Enterprise in the UK still thriving

Data Wednesday 16th November 2011 •
Billy Law-Bregan, Communications Officer

With Global Entrepreneurship Week in full swing, Node4, a company led by young entrepreneur Andrew Gilbert says the high-tech related activities are an encouraging sign of investment in the future.

Global Entrepreneurship week has begun and will run until 20th November with a range of activities, events and festivals celebrating entrepreneurial businesses and encouraging the next generation of business leaders. In the UK, the week is hosted by Youth Business International.

The week, which was founded in 2008 by Enterprise UK and the Kauffman Foundation, features a number of activities including the Entrepreneurs Festival, a week-long series of events aimed at entrepreneurs and start ups in the high-tech industry.

Global Entrepreneurship Week comes days after David Cameron announced that he would pump an extra £95 million into the Regional Growth Fund to support SMEs, which will in turn unlock £500 million of new investment across the country.

Andrew Gilbert, Managing Director of data centre and communications specialist Node4, said “The technology sector is an area that will be a major area of growth that could create jobs at a time when much of the job market is contracting.

“It’s great that there’s recognition of the potential within the technology sector as young entrepreneurs offer a lot to the expansion of our economy. We know from the growth plans of Node4 that opportunities are opening up that will provide new jobs for skilled workers. And as more companies appreciate the value of the innovations taking place in the technology sector, this growth will continue further.”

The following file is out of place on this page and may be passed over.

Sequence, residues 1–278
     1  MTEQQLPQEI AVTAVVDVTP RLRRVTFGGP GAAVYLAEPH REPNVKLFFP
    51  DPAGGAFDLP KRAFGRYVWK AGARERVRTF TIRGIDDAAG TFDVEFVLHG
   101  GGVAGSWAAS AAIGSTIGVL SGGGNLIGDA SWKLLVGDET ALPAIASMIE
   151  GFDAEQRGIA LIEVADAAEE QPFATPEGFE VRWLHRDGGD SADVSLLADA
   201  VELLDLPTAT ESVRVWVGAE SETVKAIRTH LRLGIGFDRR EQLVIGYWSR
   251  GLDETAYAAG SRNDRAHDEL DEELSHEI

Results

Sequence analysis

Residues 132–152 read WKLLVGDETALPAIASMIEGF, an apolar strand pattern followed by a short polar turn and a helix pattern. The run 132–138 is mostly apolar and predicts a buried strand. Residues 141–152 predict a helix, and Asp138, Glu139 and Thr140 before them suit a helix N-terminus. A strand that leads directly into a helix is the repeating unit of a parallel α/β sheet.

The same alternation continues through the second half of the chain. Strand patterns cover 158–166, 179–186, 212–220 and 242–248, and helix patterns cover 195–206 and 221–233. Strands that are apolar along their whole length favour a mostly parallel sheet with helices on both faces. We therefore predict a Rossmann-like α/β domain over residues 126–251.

Case study of prolific enterprise

With Andrew Gilbert at the helm, Node4 has grown over the space of 7 years to become one of the fastest growing data centre companies in the UK, with a turnover of £11 million. Last night, the company attended the prestigeous awards ceremony for the  The Sunday Times Tech Track Top 100 companies for the second consecutive year. A young entrepreneur himself, Andrew started his business at age 23.

He continued, “There’s a lot of doom and gloom in the employment market with the latest unemployment stats painting a bleak picture. However, those who have thrived despite the difficult conditions and have opened up new vacancies should be applauded. Investment isn’t just needed to create new businesses; it is also needed to strengthen the existing infrastructure so next generation IT services can be delivered throughout the UK. This is an important time for business as more firms move to cloud based platforms. The sector as a whole should be equipped to provide them the tools they need to make the transition.”

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